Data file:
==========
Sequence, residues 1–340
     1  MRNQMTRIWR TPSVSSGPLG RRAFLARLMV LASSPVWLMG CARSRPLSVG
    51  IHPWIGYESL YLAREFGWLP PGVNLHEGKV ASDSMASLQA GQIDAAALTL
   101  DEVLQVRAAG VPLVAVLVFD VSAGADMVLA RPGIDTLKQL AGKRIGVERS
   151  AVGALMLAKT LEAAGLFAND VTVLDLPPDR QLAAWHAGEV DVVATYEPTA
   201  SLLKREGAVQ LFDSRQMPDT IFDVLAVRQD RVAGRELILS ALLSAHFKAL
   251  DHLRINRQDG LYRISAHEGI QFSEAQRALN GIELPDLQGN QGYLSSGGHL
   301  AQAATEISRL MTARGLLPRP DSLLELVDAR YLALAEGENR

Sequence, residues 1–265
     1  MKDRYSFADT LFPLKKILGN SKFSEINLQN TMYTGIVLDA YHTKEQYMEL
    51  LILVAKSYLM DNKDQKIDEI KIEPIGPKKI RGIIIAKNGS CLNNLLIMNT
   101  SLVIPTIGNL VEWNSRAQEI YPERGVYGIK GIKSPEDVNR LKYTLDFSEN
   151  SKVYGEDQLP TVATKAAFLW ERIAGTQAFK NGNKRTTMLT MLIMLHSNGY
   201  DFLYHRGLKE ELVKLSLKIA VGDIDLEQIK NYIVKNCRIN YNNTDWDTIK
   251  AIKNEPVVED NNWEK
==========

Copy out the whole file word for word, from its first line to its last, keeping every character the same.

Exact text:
Sequence, residues 1–340
     1  MRNQMTRIWR TPSVSSGPLG RRAFLARLMV LASSPVWLMG CARSRPLSVG
    51  IHPWIGYESL YLAREFGWLP PGVNLHEGKV ASDSMASLQA GQIDAAALTL
   101  DEVLQVRAAG VPLVAVLVFD VSAGADMVLA RPGIDTLKQL AGKRIGVERS
   151  AVGALMLAKT LEAAGLFAND VTVLDLPPDR QLAAWHAGEV DVVATYEPTA
   201  SLLKREGAVQ LFDSRQMPDT IFDVLAVRQD RVAGRELILS ALLSAHFKAL
   251  DHLRINRQDG LYRISAHEGI QFSEAQRALN GIELPDLQGN QGYLSSGGHL
   301  AQAATEISRL MTARGLLPRP DSLLELVDAR YLALAEGENR

Sequence, residues 1–265
     1  MKDRYSFADT LFPLKKILGN SKFSEINLQN TMYTGIVLDA YHTKEQYMEL
    51  LILVAKSYLM DNKDQKIDEI KIEPIGPKKI RGIIIAKNGS CLNNLLIMNT
   101  SLVIPTIGNL VEWNSRAQEI YPERGVYGIK GIKSPEDVNR LKYTLDFSEN
   151  SKVYGEDQLP TVATKAAFLW ERIAGTQAFK NGNKRTTMLT MLIMLHSNGY
   201  DFLYHRGLKE ELVKLSLKIA VGDIDLEQIK NYIVKNCRIN YNNTDWDTIK
   251  AIKNEPVVED NNWEK